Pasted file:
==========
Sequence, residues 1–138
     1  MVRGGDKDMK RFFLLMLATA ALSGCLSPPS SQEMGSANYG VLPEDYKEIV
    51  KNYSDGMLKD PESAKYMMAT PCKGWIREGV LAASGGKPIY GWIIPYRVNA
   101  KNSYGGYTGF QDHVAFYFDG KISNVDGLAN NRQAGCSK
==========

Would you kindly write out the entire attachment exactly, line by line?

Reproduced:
Sequence, residues 1–138
     1  MVRGGDKDMK RFFLLMLATA ALSGCLSPPS SQEMGSANYG VLPEDYKEIV
    51  KNYSDGMLKD PESAKYMMAT PCKGWIREGV LAASGGKPIY GWIIPYRVNA
   101  KNSYGGYTGF QDHVAFYFDG KISNVDGLAN NRQAGCSK